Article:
NORTH AUGUSTA — The setting wasn’t an overly intense one, but North Augusta quarterback Trib Reece gave a glimpse of what was to come for his junior season in the Aiken County Football Jamboree.
In the first 10 minutes of the frame, he completed all six passes he threw for more than 100 yards and three touchdowns. Even when the defense had a route seemingly covered, he calmly tossed the pass just past outstretched fingertips to his receivers.
That trend has continued for the junior, the area’s leading passer, who attributes his calmness and poise to the guys in front of him.
“I’m basically playing with the same line I played with last year, so we’ve got a bunch of chemistry going on,” he said.
That relationship has paid off in the regular season, with Reece completing 72 percent of his passes (150-for-209) for 2,034 yards, 28 touchdowns and only four interceptions in 10 games. Head coach Dan Pippin said his playing ability allows him to be a leader on the team without having to yell or raise the energy level.
“He leads by example; he’s going to be a kid who’s going to be here all the time,” Pippin said. “Obviously, I think it helps him that the kids know he’s really good.”
Reece began showing his teammates how good he could be as a freshman, but he got his first real chance to impress during his sophomore campaign. After splitting time with senior Cody Turner for the first several weeks, Turner got hurt in the team’s loss to Sumter. Reece led them to a lopsided victory over Grovetown (Ga.) and then showed out in the Jackets’ region opener against Lexington, completing nine of 11 passes for 255 yards and a pair of touchdowns.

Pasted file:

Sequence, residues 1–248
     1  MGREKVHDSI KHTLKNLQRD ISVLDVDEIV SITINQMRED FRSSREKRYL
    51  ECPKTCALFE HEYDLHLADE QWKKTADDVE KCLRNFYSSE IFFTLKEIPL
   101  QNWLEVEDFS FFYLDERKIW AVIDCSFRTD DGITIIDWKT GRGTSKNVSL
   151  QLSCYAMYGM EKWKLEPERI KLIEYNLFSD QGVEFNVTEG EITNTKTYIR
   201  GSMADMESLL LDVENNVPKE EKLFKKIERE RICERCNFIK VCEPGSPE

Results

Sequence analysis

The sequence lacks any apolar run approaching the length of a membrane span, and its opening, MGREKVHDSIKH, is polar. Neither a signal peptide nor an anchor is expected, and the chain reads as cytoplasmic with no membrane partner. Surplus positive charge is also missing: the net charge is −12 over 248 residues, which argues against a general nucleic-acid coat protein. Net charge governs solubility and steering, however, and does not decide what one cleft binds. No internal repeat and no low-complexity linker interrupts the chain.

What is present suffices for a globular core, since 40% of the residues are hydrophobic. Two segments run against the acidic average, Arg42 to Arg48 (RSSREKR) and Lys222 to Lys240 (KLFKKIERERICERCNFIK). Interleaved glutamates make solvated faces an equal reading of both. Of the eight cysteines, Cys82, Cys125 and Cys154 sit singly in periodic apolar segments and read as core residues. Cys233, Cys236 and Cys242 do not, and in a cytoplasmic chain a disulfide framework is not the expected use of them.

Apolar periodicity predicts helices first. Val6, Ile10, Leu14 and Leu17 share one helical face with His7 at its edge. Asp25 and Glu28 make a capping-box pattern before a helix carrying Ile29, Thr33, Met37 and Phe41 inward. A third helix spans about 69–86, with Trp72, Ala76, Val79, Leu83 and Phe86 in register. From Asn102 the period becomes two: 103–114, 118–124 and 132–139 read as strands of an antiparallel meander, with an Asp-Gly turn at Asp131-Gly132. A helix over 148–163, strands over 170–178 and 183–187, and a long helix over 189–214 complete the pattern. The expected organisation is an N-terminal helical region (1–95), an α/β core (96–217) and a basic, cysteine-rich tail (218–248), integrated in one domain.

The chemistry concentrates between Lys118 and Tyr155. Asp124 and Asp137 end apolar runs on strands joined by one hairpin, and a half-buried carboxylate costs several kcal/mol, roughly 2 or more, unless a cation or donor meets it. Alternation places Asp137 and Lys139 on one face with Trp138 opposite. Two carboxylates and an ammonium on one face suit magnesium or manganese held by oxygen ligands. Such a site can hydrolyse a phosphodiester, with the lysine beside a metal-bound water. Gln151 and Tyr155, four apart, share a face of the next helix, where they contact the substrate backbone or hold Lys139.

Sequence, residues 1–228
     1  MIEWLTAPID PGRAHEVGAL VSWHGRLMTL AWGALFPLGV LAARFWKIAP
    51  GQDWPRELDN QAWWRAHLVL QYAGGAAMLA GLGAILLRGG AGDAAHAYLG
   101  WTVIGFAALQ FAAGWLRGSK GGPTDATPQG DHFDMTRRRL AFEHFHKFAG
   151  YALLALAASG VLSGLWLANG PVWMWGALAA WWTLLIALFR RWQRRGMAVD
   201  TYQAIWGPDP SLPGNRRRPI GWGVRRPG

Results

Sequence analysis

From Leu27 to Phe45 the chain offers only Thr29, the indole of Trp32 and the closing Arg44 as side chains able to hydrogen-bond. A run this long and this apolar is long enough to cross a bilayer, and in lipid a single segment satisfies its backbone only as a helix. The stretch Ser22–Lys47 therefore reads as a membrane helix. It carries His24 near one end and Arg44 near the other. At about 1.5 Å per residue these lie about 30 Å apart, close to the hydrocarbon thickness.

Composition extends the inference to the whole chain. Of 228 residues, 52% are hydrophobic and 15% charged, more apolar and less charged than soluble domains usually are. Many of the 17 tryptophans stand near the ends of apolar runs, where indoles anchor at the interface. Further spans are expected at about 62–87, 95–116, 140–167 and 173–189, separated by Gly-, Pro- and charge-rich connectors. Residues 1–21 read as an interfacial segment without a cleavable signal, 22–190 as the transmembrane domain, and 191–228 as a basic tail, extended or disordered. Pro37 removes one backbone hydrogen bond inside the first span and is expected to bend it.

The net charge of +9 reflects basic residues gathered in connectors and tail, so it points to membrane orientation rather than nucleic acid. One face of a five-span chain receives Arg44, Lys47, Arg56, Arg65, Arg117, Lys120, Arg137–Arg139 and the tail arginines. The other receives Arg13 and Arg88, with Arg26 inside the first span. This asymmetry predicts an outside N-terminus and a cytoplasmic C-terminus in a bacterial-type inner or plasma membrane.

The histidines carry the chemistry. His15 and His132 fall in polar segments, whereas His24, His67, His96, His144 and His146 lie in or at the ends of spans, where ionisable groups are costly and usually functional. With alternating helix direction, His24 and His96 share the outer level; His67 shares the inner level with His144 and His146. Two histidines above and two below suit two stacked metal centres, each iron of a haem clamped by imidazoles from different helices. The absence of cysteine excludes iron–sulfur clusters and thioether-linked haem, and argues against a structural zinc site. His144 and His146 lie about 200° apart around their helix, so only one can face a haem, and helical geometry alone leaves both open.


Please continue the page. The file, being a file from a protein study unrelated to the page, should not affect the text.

“I just knew I had to step up and we had to win some ballgames here, so I just did my best,” he said.
His best effort hasn’t gone unnoticed.
The 6-foot-3, 190-pound junior already has letters of interest from the football programs at Georgia, Auburn, Tennessee, Kentucky, Missouri, Florida State and Clemson. Pippin joked that he could be forced to visit some of those programs with his quarterback, particularly for games.
“It’s going to be fun with him,” Pippin said.
Reece’s eyes aren’t looking that far ahead, though.
“I’ve still got a bunch of time left, so I guess I’ll start worrying about that... next year,” he said.
For now, he’s focused on defending region champion Dutch Fork and the pending Class AAAA, Division II playoffs. His goal for the rest of the season had nothing to do with personal statistics or boosting his profile for college.
“Just to make it all the way to the state,” he said. “Every game is a playoff game from here on out.”
And it’s not as though he has to wait until after high school to experience a measure of fame. Right now, he’s learning to handle the same unique pressures and attention that former Jacket quarterbacks like Loranzo Hammonds and Tyrell Hillary faced before him.
“He’s the face of the program. ... You’re it; you’re the guy. And at North Augusta, that’s a big deal,” Pippin said, noting that Reece’s family helps keep him grounded. “Little kids will come up to Trib after games and get an autograph and stuff because they know, ‘Hey, he’s that quarterback.’”
Jeremy Timmerman has a journalism degree from Mercer University and has been at the Aiken Standard since June 2010.